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Honeybush (Cyclopia spp.) is a leguminous genus which is endemic to the Fynbos biome. It is highly recognizable during the flowering period (August - October) by its deep yellow flowers and honey-like scent (Du Toit 1998). The shrubs are normally 1.5 to 2 meters tall, but can grow up to 3 meters and are highly adapted to the nutrient poor sandy conditions of Fynbos regions. Honeybush is famous for its herbal infusion which traditionally is used as a tea and for medicinal purposes.




Cyclopia belongs to the Fabaceae family; a large legume family that also includes rooibos (Aspalathus linearis). Early revisions of Cyclopia have shown the complex taxonomy of the species: between 8 and 20 different species were recognised and between 8 and 12 varieties. The last revision of Schutte (1997) described several more species; currently the genus Cyclopia consists of 23 species without varieties. Schutte (1997) acknowledges that the taxonomy of the genus remains difficult because of species complexities and vague differences between species. The name Cyclopia is derived from the Greek ‘cyclops’ which means round-eyed referring to the central sunken area in the base of the calyx. The sunken base is a characteristic that is found in more genera, but it is the combination with trifoliate leaves that makes Cyclopia unique (Joubert et al. 2011).


Species biology


Cyclopia species are characteristic pioneers. They are long-lived perennial plants with woody stems and a low leaf to stem ratio. The leaves are always trifoliate but between species they can differ from needle-like to small leaves (Du Toit, Joubert & Britz 1998). They often occur on the somewhat shadier and wetter southern slopes (Schutte 1997). In places where mist is often present they can be found on all slopes (LWTF 2011). The soil conditions have to be nutrient poor, well drained, acidic and with low amounts of nematodes (Joubert et al. 2011).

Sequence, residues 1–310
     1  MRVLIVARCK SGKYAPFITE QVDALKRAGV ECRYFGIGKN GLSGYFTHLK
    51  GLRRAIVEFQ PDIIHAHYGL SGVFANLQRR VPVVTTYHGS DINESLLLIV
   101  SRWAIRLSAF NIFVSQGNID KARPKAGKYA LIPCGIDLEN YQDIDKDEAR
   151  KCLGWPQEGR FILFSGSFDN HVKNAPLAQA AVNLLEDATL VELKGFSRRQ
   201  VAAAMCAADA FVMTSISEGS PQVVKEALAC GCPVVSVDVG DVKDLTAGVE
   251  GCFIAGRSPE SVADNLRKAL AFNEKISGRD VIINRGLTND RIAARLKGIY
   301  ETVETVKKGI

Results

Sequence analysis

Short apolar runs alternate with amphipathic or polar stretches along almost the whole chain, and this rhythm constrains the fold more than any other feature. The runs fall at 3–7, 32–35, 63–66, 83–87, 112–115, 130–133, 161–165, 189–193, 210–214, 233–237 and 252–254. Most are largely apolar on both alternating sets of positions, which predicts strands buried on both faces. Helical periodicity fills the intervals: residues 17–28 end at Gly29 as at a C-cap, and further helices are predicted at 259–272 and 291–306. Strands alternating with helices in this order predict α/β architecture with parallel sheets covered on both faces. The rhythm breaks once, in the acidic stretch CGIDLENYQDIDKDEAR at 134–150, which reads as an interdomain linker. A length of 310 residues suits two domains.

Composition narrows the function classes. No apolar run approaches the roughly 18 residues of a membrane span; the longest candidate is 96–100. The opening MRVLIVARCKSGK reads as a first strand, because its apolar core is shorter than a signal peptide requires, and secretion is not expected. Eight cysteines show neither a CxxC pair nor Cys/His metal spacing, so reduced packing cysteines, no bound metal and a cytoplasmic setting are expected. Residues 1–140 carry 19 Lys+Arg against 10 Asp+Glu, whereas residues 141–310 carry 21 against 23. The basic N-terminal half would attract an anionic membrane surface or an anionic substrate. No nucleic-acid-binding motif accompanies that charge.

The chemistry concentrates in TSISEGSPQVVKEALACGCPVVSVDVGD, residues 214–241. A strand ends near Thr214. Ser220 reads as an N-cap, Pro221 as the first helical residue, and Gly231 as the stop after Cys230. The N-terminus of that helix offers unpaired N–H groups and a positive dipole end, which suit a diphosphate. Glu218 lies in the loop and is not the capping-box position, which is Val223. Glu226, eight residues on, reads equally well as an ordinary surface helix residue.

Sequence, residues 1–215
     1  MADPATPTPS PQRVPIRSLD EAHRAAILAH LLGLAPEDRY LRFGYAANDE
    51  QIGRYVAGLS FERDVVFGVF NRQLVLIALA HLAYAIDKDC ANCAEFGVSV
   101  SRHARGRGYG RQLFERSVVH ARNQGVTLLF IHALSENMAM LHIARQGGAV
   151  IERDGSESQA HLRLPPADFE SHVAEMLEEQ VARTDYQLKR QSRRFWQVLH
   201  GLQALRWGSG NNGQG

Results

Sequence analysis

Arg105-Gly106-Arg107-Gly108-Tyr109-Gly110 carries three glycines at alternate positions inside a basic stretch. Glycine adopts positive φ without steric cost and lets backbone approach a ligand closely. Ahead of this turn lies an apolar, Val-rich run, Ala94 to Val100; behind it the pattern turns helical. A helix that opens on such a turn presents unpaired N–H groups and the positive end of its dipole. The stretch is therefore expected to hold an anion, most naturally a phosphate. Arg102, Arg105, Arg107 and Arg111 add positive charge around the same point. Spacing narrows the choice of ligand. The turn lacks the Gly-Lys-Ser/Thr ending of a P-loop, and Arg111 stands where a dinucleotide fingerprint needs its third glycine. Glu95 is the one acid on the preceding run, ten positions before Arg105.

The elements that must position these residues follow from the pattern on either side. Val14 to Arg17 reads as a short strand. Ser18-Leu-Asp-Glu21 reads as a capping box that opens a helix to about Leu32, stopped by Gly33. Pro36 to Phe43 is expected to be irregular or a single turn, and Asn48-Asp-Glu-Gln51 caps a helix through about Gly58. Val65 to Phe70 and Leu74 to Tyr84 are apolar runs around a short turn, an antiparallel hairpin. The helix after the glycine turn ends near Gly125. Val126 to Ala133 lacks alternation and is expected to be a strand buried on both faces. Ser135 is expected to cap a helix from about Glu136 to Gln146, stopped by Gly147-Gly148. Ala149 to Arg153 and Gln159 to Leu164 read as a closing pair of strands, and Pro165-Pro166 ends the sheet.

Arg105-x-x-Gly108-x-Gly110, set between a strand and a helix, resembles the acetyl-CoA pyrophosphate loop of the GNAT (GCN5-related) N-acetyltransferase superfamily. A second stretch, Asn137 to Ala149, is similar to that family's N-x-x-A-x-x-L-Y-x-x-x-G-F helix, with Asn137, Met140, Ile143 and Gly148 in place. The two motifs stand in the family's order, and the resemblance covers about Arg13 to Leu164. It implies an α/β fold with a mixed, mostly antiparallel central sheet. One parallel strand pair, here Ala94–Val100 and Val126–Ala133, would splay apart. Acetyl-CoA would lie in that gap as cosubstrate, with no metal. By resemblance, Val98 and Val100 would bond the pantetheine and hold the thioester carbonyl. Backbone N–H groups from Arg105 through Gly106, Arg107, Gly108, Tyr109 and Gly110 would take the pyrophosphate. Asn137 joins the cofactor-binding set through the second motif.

Frequent fires contribute to these conditions. Burning of vegetation causes low available nitrogen and high light availability (Schutte et al. 1995). As a pioneer Cyclopia species are well adapted to cope with post- fire conditions. Two different survival strategies exist; re-sprouting (also referred to as sprouters) and non-sprouting (plants of this type are also referred to as reseeders, or seeders). The resprouters have a thick lignotuber (rootstock) that stores resources and that can sustain the plant in the event of fire; after fire the plant is able to grow back from resources stored in the lignotuber (e.g. C. intermedia). The non-sprouters invest more energy in above ground biomass and produce more seeds than their resprouting counterparts. Immediately after fire the many seeds rapidly germinate from the seedbank (e.g. C. subternata). All species have seeds that are hard shelled and germinate best after scarification (Schutte et al. 1995).


Both resprouters and non-sprouters set seed every year, but resprouters have a low seedset compared with that of non-sprouters. Besides its adaptation to fire, Cyclopia is able to fix nitrogen which is an advantage to the plants when N is limited. In order to fix N it develops a symbiosis with Rhizobia in root nodules. However it seems that Honeybush is out-competed in later successional stages when fire is absent for a longer period (Schutte et al. 1995). Gradually more N becomes available to other plants and P becomes the limiting factor. P is harder for Cyclopia to capture because it invests less in underground biomass (Power 2010).